I'm also afraid that until the culpability of the relevant parties (i.e., the Rating Agencies) has been ferreted out and the total extent of the damage has been exposed,and a minimum course of action proposed to fix the current problem, that the performance of the US stock market is going to be mediocre at best. The integrity of the US capital markets has been seriously damaged. And if nothing more happens, we may eventually get lifted out of this current down-trending market - when investors feel that all of the bad news has been fully discounted by bond and equity prices. And this will last just as long until the next bomb goes off - which will definitely happen until there is some systematic change in the process.
February 14, 2008
I have been asked several times if the worst is over and, if so, what actions to take and offer the following take on the market.
I hope that you all were able to lighten positions since my e-mail on November 12, 2007. The S&P 500 Index closed around 1,439 that day and today it is down to about 1,320 for a loss of around 9%. Most other broad market indices have suffered more damage – the NASDAQ composite is down over 10% and the Russell 2000 Index is down 14%. It’s not been very pretty. What’s done is done, though and several commentators are prodding people that it’s time to get back in the market now. I’d like to at least present a counter argument to that for you to consider before committing your hard-earned retirement and investment funds to this market.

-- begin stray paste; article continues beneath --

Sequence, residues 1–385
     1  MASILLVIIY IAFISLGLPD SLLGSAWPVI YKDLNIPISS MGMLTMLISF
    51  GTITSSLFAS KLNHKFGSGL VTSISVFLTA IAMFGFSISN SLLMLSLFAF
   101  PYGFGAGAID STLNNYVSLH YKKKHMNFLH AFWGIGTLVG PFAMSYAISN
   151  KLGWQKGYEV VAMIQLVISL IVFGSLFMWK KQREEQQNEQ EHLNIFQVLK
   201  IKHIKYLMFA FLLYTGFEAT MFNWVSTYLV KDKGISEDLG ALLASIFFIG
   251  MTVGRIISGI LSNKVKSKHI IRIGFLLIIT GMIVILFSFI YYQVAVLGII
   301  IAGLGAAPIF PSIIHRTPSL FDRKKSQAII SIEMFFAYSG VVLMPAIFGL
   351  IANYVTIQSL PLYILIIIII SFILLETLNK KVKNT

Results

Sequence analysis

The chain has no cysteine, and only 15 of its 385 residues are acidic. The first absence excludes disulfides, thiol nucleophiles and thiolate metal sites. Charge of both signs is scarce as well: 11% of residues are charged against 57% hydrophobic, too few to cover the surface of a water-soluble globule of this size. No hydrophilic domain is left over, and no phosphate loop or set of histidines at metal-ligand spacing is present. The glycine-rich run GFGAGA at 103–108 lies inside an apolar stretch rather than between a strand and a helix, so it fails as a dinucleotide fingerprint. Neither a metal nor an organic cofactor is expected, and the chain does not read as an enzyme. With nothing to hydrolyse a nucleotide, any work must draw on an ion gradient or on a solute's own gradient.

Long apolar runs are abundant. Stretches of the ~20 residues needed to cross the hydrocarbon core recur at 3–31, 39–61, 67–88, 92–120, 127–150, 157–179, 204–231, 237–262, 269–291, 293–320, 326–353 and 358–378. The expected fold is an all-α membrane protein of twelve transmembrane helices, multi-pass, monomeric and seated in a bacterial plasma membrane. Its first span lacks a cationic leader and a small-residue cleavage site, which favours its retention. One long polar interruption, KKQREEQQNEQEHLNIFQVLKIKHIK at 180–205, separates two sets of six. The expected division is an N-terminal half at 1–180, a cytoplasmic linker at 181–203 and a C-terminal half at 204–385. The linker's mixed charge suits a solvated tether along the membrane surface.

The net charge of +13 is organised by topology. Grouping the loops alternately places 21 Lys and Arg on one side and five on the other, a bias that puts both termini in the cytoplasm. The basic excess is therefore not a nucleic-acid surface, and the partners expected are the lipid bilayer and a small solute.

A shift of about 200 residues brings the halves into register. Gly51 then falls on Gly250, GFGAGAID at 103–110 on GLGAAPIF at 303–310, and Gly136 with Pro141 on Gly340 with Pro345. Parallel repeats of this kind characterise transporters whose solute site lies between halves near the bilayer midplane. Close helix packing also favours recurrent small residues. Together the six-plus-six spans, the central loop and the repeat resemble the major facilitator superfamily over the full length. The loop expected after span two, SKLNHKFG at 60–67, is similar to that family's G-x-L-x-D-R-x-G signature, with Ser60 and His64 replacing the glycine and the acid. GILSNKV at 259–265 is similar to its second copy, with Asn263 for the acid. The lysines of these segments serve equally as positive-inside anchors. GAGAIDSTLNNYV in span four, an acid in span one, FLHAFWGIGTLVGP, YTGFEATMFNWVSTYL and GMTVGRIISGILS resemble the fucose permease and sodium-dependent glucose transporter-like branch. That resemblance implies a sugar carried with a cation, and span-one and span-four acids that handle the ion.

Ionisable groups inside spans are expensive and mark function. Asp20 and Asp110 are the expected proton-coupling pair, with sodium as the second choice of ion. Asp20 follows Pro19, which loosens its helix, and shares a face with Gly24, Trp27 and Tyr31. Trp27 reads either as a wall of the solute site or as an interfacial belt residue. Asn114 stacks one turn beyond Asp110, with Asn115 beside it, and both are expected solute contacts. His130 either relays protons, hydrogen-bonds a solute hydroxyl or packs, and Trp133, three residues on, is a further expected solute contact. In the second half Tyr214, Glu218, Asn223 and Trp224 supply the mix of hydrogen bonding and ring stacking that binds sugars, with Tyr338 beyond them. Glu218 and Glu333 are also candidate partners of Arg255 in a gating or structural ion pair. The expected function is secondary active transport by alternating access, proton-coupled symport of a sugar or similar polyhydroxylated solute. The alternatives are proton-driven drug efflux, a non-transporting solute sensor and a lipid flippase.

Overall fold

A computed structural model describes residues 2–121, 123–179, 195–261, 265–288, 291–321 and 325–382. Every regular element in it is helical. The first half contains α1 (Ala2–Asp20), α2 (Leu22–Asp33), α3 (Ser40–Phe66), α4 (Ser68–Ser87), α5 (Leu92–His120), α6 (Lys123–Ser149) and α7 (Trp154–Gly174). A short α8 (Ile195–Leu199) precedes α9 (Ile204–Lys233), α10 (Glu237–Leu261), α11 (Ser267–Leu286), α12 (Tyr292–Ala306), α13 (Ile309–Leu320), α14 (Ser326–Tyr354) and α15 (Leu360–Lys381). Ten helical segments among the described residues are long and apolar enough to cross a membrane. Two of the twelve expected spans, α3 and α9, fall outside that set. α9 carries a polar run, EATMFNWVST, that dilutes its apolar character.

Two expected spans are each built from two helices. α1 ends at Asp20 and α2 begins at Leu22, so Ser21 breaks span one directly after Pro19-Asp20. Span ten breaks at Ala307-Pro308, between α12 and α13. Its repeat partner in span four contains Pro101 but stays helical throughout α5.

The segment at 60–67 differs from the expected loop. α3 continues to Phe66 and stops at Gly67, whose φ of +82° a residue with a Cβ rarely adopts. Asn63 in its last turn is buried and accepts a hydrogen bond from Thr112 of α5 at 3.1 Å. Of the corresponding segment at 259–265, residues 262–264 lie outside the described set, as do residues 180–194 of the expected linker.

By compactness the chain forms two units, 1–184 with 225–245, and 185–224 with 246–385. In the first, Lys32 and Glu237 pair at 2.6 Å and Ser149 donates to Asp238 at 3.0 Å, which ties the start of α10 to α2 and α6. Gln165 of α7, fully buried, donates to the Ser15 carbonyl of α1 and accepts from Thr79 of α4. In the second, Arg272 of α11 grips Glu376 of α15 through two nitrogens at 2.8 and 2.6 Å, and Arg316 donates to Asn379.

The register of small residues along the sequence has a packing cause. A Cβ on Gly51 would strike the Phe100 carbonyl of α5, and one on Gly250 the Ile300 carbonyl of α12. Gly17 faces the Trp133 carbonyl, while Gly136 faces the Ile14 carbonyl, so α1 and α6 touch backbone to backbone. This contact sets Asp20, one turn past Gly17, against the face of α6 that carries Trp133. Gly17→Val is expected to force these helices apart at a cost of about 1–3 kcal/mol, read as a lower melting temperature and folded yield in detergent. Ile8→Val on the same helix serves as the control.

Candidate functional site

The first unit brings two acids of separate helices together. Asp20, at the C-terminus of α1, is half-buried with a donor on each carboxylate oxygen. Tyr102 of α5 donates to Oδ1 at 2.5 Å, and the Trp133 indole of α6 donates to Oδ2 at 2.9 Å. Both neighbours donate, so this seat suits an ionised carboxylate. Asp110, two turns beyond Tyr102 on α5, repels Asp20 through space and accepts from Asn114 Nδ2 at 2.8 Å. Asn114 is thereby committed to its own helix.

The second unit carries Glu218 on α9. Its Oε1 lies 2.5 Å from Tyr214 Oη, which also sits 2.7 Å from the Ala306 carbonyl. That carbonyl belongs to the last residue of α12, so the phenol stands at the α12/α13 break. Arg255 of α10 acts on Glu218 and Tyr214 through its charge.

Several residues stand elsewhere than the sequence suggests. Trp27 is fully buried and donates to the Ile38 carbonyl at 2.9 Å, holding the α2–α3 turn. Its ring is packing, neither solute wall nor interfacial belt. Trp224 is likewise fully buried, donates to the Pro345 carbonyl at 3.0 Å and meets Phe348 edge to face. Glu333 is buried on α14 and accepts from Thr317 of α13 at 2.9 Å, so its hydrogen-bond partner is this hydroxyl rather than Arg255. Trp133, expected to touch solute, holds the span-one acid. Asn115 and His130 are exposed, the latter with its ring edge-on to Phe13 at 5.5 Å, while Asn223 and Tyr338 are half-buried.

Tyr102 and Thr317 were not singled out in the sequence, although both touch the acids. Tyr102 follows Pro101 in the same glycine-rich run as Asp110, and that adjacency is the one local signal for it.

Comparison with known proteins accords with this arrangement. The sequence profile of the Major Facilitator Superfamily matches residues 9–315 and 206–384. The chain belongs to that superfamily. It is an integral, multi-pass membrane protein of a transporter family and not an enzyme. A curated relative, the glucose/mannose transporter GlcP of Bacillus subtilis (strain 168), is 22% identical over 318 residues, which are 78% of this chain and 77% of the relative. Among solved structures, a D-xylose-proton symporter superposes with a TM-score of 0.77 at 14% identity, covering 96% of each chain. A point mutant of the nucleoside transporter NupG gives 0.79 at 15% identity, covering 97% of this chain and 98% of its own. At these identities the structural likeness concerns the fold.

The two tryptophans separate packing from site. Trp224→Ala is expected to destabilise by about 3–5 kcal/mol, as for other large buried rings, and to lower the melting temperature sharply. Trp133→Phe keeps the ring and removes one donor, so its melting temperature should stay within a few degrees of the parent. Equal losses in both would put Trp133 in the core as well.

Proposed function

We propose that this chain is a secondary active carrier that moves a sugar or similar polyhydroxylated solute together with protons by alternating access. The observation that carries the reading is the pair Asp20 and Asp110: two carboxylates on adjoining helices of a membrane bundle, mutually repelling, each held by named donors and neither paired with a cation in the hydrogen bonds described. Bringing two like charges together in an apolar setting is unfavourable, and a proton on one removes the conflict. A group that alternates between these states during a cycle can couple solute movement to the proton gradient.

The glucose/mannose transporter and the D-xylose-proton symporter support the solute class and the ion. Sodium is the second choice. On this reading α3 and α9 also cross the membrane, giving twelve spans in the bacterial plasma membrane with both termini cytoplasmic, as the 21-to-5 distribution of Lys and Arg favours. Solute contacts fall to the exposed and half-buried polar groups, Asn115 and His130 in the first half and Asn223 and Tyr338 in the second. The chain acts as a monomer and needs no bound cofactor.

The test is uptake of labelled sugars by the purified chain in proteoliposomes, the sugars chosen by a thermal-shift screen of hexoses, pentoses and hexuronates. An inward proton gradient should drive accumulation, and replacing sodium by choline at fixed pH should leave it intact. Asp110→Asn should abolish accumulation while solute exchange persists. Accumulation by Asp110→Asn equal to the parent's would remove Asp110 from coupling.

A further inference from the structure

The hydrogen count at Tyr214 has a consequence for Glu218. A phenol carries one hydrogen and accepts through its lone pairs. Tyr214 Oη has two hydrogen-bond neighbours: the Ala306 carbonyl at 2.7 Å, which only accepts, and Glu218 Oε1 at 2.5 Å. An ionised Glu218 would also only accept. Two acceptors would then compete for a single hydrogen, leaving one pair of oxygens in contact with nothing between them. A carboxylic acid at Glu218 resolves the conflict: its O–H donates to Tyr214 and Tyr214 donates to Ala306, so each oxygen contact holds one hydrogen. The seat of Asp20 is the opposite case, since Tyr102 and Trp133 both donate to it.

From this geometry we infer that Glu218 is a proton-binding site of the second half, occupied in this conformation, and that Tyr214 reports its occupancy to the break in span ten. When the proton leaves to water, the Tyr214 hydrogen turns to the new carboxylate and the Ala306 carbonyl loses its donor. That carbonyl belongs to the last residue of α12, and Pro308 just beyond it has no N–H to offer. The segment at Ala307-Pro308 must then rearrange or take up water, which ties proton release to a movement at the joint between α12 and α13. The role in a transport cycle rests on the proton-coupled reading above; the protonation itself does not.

Bear markets are insidious creatures – and the evidence is becoming clearer that a bear market is exactly what we are in right now. Bear markets “invite” investors back in by providing tantalizing bounces up – only to cut the investors off at the knees. Bear markets aren’t that easy for shorts to play, either. Those sharp bounces up can shake people out of their “shorts” really quick. Besides, it’s outside of the norm for most people to be short in the stock market so this is just a bad position for almost everyone to be in. So, one of the biggest danger in a market like this is to be too trusting when we do bounce. Many, if not most, market players are anxiously hoping that this very ugly recent action is just some sort of temporary blip that is going to be quickly forgotten as people realize that things really aren't that bad. The thinking is that with the Fed ready to make big rate cuts and Congress working with the president on fiscal stimulus, we should be right back on track very soon. While that is possible, it isn't the smart bet. This market is broken and we're now in a downtrend as almost EVERY indicator that I’ve looked at supports. Trends are stubborn things that don't come to an end easily. All you have to do is consider the move we made since the fall of 2006. Despite growing worries and concerns during that period, the market just kept on going straight up -- until this past fall. Despite a few blips along the way, the trend was steadily to the upside and was not derailed even by the first major subprime news back in August.